Through last December, approximately 837,000 homes were in some stage of foreclosure. The year before, the foreclosure inventory was 1.2 million housing units.
The current foreclosure inventory represents 2.1% of all homes with a mortgage, the Irvine, Calif.-based firm said.
On a monthly basis, foreclosure inventory was down 2.7% from November 2013.
The highest foreclosure inventory as a percentage of all mortgaged homes was found in Florida (6.7%), New Jersey (6.5%), New York (4.9%), Connecticut (3.6%) and Maine (3.6%).
Black Knight Financial Services’ loan-level database revealed similar numbers on Monday for its foreclosure and serious delinquent inventory, reporting a 28% drop at yearend.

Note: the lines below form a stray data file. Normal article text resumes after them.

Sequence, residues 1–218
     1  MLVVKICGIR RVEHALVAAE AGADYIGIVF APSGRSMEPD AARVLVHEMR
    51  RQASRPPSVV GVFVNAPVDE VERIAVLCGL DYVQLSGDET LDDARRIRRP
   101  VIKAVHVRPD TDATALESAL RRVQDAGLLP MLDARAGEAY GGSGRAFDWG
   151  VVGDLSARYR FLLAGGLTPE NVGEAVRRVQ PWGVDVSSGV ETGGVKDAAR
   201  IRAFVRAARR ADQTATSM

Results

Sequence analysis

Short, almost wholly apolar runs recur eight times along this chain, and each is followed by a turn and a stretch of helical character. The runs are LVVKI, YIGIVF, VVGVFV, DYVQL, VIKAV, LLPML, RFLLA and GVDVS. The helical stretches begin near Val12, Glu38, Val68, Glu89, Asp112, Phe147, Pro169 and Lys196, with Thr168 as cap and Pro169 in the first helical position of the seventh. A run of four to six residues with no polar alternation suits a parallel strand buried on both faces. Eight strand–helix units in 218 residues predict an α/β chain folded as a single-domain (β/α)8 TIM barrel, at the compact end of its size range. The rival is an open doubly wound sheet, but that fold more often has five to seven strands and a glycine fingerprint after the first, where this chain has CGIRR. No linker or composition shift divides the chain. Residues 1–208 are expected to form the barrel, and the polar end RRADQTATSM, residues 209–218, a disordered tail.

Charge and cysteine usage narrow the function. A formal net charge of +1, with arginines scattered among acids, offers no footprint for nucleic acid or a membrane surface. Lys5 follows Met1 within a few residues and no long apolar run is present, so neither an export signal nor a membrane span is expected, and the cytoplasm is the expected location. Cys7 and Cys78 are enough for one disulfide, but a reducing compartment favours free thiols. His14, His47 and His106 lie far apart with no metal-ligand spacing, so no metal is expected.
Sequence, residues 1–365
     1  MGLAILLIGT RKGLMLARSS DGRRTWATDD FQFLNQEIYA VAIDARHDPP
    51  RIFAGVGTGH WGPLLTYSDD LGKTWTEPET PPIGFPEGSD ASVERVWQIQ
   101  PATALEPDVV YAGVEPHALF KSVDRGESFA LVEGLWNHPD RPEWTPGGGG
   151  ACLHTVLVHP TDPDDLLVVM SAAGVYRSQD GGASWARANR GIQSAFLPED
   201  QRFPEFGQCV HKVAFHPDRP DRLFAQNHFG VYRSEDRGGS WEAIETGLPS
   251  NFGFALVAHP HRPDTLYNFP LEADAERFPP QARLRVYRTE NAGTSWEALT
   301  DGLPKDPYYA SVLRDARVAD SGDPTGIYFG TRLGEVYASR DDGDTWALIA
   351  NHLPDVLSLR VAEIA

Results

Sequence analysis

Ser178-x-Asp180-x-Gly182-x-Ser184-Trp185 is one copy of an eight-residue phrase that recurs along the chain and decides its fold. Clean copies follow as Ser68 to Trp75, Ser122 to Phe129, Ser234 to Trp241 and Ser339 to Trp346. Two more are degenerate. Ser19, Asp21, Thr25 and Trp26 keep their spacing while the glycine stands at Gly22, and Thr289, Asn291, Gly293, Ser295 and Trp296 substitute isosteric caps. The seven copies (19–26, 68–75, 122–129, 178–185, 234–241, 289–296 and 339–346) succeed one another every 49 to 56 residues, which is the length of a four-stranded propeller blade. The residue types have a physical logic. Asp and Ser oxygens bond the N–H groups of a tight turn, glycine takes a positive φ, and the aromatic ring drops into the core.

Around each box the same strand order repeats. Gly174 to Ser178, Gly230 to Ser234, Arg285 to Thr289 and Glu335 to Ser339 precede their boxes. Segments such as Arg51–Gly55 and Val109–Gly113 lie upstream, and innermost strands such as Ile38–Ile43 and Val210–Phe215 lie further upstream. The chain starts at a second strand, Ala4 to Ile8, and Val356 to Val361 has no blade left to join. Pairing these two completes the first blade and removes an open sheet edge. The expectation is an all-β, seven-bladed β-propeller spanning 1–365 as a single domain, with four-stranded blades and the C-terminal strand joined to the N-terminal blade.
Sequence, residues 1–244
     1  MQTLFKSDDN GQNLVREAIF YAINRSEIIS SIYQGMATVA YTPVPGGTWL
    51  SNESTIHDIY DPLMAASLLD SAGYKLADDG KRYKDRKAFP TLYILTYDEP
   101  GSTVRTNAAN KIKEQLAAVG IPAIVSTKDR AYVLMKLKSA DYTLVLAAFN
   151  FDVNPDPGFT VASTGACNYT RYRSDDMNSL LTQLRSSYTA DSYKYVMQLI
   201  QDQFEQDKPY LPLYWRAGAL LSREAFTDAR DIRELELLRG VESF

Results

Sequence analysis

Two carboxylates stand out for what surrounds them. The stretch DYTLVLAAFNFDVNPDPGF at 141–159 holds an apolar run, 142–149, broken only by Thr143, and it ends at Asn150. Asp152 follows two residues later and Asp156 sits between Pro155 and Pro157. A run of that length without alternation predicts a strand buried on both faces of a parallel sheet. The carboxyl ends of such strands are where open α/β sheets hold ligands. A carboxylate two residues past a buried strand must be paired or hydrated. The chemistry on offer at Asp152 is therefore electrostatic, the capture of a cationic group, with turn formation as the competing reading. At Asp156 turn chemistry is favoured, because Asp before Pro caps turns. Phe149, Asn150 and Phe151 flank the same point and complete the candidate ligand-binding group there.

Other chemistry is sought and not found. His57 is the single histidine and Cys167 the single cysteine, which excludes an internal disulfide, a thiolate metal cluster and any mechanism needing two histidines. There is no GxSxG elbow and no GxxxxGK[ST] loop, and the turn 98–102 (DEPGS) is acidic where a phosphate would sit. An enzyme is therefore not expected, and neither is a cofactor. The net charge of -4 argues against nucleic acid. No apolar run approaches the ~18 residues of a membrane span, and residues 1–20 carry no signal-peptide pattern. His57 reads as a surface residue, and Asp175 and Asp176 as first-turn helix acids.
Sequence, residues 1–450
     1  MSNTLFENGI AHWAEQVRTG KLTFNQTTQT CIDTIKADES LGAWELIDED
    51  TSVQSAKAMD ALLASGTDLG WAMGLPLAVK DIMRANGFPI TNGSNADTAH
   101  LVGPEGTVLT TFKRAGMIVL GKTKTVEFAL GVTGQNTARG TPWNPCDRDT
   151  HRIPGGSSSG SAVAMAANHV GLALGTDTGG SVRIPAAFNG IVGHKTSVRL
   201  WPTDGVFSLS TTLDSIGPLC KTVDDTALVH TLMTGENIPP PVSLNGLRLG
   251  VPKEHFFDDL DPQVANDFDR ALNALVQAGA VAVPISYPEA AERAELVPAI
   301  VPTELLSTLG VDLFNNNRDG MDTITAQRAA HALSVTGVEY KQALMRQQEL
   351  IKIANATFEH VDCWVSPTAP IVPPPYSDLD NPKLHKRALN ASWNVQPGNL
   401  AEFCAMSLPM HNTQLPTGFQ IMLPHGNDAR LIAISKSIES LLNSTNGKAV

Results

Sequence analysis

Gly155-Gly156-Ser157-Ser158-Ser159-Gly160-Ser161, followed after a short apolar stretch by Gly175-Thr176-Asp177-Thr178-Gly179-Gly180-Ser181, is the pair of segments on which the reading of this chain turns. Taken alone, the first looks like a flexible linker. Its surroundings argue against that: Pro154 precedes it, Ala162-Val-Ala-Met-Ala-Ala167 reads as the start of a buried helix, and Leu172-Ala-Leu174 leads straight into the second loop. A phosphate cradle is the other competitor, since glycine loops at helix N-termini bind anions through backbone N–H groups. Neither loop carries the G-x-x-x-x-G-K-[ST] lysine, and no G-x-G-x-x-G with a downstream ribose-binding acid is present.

“The decline indicates that the distressed foreclosure inventory is healing at an accelerating rate heading into 2014,” says Mark Fleming, chief economist for CoreLogic.
Foreclosure inventory declined from a year ago because completed foreclosures across the country dropped by 24%. There were 620,111 homes actually lost to foreclosure last year, compared to 820,498 in 2012.
Since the financial crisis began in September 2008, there have been about 4.8 million completed foreclosures nationwide.
“Clearly, 2013 was a transitional year for residential property in the United States. Higher home prices and lower shadow inventory levels, together with a slowly improving economy, are hopeful signals that we are turning a long-awaited corner,” says Anand Nallathambi, president and CEO of CoreLogic. “The housing market should continue to heal in 2014, but we expect progress to remain very slow.”